Complete PDF version of the Service Manual for the Kawasaki KZ1000/1100. A MUST for every KZ1000 owner.
Download: Immediately after payment!
OEM Original factory workshop manual.
Models covered by this manual: 1981 to 1983
Number of pages: 370 pages
Table of contents:
This PDF repair manual can be downloaded right after the payment process in complete, on the device of your choice.
We do not offer printed manuals, for the following reasons:
- it is more eco-friendly to use a digital version
- your manual never gets dirty or greasy
- you can always choose to print the specific page(s) you need to work on your bike
- you receive your manual immediately after payment
- it is searchable
The Kawasaki Kz1000 or Z1000 is a motorcycle manufactured by Kawasaki in Japan. Production began in September 1976 for the 1977 model year. The Z1000A1 was an updated model that succeeded the 1976 Kawasaki KZ900 (Z900), which in turn replaced the Z1 in the Z series, which debuted in 1972. It sports a four-cylinder inline engine and a five-speed gearbox with a ‘one down and four up’ ratio. It was one of the quickest production bikes of the time, with around 90 horsepower. The police model was manufactured until 2005.
The KZ900 and KZ1000 differ significantly in that the 1000 has a stronger crankshaft for reduced engine vibration, smoother acceleration, and a greater displacement as a result of extending the cylinder size from 66mm to 70mm. The rear disc brake was added to the 1000. There were many specifications and assembly configurations available, such as choosing between chain-drive and shaft-drive. The LTD cruiser was built in Nebraska and marketed in the United States and Canada.
On the LTD, Kawasaki replaced the classic 4-4 exhaust (available on the Z1 and KZ900) with a 4-2 Jardine exhaust (standard on the KZ900B) and a quiet and restrictive muffler on the 1000 A1 and A2. In 1979 and 1980, the KZ1000 was available with either a chain drive or a shaft drive, denoted by the letters ST and SHAFT, as well as the models KZ1000E1 and E2. The KZ1000’s frame was a traditional featherbed (duplex cradle) design that had not been considerably modified in over 30 years of manufacture in terms of fundamental geometry. Frame structure was altered with the introduction of larger frame tubes in the MkII versions (1979/80) to enhance frame stiffness.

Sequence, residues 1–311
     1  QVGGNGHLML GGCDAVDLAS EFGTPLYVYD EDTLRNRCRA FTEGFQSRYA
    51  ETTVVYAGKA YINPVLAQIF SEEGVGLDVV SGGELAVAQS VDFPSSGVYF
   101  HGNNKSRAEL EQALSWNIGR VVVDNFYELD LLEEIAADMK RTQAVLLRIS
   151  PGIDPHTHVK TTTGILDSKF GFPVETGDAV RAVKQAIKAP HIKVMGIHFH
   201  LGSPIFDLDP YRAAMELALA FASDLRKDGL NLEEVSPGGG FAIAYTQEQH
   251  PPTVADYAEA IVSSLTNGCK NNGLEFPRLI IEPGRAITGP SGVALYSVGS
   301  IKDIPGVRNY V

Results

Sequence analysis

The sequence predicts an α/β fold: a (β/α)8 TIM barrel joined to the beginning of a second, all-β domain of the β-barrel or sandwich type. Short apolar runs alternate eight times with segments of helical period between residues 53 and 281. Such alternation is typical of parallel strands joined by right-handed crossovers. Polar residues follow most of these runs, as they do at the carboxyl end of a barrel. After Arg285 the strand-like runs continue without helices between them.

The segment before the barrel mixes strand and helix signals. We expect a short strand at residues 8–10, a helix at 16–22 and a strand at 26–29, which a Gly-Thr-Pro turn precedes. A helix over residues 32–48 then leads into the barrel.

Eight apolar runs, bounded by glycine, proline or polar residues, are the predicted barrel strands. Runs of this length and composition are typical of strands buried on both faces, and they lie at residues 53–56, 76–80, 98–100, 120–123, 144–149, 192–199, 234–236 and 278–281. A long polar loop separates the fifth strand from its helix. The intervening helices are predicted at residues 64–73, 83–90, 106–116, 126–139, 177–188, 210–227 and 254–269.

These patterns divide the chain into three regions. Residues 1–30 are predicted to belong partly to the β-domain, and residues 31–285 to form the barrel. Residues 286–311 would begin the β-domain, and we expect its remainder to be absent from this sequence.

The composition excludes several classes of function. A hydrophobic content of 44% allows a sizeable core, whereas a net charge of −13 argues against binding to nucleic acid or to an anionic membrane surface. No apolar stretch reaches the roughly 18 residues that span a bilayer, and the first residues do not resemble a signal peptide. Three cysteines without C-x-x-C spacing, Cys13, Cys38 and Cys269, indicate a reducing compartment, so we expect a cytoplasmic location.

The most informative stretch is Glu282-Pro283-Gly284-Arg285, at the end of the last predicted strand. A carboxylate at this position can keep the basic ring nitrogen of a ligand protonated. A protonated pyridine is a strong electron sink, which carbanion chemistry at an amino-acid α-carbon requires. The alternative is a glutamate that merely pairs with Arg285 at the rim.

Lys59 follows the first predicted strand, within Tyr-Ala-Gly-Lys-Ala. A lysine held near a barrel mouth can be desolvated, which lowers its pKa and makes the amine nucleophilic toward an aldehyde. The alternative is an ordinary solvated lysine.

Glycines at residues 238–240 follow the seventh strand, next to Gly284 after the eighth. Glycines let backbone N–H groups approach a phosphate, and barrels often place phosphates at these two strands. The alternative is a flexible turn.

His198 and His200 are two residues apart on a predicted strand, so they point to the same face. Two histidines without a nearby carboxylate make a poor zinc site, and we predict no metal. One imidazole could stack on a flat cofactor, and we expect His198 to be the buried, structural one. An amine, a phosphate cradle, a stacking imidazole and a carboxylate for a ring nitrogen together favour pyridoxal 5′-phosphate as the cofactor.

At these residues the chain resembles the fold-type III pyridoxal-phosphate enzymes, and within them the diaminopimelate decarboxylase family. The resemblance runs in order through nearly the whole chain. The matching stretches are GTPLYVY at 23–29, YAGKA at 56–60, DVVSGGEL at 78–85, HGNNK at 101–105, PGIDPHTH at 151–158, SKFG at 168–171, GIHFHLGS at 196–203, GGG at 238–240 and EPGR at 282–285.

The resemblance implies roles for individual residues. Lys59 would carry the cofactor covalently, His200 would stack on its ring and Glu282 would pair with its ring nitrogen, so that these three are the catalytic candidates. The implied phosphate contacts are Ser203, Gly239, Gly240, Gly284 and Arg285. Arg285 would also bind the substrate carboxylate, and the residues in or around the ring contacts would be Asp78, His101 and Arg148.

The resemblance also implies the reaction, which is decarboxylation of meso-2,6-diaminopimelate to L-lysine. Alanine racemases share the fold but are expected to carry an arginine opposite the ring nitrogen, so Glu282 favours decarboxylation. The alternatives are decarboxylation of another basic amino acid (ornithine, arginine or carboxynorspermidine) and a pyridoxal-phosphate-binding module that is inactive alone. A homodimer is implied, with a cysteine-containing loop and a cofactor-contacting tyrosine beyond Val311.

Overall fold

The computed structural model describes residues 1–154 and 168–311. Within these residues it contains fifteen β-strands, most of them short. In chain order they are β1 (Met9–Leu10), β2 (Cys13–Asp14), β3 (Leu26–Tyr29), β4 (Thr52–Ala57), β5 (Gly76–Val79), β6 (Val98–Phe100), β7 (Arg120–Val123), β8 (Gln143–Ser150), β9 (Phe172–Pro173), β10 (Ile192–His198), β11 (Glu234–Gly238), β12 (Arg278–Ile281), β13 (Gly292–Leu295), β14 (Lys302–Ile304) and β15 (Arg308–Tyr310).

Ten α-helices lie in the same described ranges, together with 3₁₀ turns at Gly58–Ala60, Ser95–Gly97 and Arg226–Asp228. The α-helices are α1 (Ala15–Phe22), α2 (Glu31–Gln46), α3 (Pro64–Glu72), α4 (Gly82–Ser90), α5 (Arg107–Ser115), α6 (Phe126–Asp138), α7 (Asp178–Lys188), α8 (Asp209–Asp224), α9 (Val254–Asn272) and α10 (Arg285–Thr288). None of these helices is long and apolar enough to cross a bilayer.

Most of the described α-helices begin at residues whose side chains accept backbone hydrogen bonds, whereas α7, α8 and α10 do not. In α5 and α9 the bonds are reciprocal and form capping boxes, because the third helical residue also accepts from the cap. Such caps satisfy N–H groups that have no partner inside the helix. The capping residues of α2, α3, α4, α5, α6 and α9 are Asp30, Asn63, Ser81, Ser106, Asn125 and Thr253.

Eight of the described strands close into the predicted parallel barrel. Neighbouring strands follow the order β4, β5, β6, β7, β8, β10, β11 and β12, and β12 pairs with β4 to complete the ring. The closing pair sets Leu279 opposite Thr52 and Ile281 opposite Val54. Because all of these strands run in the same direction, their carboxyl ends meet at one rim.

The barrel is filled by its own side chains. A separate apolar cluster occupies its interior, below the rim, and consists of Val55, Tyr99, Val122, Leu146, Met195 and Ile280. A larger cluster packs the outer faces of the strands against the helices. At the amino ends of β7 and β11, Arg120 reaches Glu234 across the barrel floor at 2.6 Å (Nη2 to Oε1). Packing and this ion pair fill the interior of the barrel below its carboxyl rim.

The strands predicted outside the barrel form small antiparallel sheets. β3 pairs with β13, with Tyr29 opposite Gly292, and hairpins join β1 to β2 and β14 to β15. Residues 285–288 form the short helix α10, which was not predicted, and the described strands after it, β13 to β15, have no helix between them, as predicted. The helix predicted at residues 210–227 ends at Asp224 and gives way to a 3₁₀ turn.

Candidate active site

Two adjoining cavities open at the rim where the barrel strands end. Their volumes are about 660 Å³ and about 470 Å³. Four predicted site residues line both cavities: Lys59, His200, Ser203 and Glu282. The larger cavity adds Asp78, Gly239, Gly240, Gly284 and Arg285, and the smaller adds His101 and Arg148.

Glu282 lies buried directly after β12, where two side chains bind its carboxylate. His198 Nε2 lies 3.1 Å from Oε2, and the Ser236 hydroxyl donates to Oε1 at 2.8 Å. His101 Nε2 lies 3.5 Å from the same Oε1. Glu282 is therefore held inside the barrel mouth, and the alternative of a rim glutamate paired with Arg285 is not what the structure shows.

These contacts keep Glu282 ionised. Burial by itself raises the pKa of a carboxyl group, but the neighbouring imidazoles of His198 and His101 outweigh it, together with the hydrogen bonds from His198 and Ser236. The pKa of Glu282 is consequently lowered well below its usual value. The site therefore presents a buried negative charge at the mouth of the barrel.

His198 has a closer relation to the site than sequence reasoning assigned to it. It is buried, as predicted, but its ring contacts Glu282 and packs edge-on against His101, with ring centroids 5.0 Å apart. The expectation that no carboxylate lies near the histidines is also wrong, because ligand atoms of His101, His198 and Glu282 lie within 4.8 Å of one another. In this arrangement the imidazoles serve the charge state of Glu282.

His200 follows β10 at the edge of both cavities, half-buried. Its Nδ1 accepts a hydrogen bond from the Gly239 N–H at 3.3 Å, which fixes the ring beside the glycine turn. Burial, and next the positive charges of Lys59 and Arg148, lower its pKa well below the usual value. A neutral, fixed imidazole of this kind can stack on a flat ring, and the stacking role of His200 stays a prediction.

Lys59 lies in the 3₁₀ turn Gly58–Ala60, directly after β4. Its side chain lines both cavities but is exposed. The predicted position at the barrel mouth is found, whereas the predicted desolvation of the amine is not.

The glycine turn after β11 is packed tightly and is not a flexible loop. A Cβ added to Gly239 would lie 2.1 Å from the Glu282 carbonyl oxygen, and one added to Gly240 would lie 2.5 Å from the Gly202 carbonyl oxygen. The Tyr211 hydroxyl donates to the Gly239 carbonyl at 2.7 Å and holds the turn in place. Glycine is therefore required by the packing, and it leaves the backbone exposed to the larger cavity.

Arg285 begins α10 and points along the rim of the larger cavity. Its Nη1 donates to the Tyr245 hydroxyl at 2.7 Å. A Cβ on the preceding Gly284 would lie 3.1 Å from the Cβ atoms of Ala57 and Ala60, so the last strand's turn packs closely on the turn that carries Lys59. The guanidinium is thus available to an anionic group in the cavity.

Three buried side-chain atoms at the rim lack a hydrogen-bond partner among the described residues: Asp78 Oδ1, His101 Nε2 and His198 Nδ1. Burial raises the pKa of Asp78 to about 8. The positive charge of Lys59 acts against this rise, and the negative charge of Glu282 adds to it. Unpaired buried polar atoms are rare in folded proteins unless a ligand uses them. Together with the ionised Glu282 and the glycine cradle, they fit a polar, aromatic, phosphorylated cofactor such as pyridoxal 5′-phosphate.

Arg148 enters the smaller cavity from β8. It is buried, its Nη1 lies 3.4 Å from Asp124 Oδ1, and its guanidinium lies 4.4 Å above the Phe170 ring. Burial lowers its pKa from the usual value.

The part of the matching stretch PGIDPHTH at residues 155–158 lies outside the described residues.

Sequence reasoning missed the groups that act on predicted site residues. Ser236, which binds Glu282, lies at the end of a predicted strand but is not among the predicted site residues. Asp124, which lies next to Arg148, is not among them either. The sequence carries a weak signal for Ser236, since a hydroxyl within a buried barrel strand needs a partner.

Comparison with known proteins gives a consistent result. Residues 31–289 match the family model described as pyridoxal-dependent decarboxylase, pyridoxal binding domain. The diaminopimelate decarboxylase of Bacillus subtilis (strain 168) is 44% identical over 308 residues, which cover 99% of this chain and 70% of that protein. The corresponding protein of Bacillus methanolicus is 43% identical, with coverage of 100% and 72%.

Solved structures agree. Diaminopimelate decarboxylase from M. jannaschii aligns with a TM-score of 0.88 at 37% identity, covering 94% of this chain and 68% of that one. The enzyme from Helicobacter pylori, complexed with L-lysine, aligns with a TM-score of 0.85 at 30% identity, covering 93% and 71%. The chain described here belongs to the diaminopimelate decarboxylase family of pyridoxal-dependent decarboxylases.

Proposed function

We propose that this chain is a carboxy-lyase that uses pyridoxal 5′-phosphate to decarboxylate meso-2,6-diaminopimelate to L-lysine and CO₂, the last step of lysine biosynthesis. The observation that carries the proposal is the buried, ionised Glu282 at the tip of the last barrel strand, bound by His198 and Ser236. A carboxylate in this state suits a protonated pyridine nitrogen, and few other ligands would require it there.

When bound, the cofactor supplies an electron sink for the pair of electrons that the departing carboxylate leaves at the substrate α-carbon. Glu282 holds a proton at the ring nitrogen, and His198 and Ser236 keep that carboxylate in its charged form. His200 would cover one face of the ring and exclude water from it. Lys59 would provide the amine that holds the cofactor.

The 1980 Kawasaki Z1000H was the world’s first mass-produced fuel-injected motorcycle, as well as Kawasaki’s first. It was built on the chassis and bodywork of the KZ1000A3/A4 Mk.II, but with a distinctive black/gold/white color scheme with gold mag wheels. The Z1000H was limited to 1000 units for the global market. The Z1000H was only produced for three months, in March/April/May 1980, and served as a test bed for the upcoming new 1981 fuel-injected variant, the GPz1100B1.
In the United States, the Z1000G “Z-1 Classic,” which was based on the LTD chassis and bodywork, had the same fuel injection technology as the Z1000H.
The 1981 Kawasaki Z1000J debuted with Kawasaki’s new “J” engine, which had a displacement of 998 cc (60.9 cu in). The displacement was reduced from 1015cc to 998cc to comply with the new superbike racing rule, which specified a maximum displacement of 1000cc.
Kawasaki released the KZ1000R1 Eddie Lawson Replica (ELR) for the 1982 model year, based on the KZ1000J2. The 1983 variant, known as the KZ1000R2, was equipped with cams and a cylinder head from the 1982 GPz1100B2, which increased power from 102 to 104 at 8500 rpm. The bike was restricted to 750 units and was named after Eddie Lawson’s 1981-1982 Superbike. It featured a stated 59 kW (79 hp) rear wheel HP @ 8,500rpm and a dry weight of 246.5 kg (543.5 lb).
Aside from the 1982-2005 KZ1000P Police motorbike, the model was phased out in 1984 in favor of Kawasaki’s liquid-cooled Ninja GPZ900R.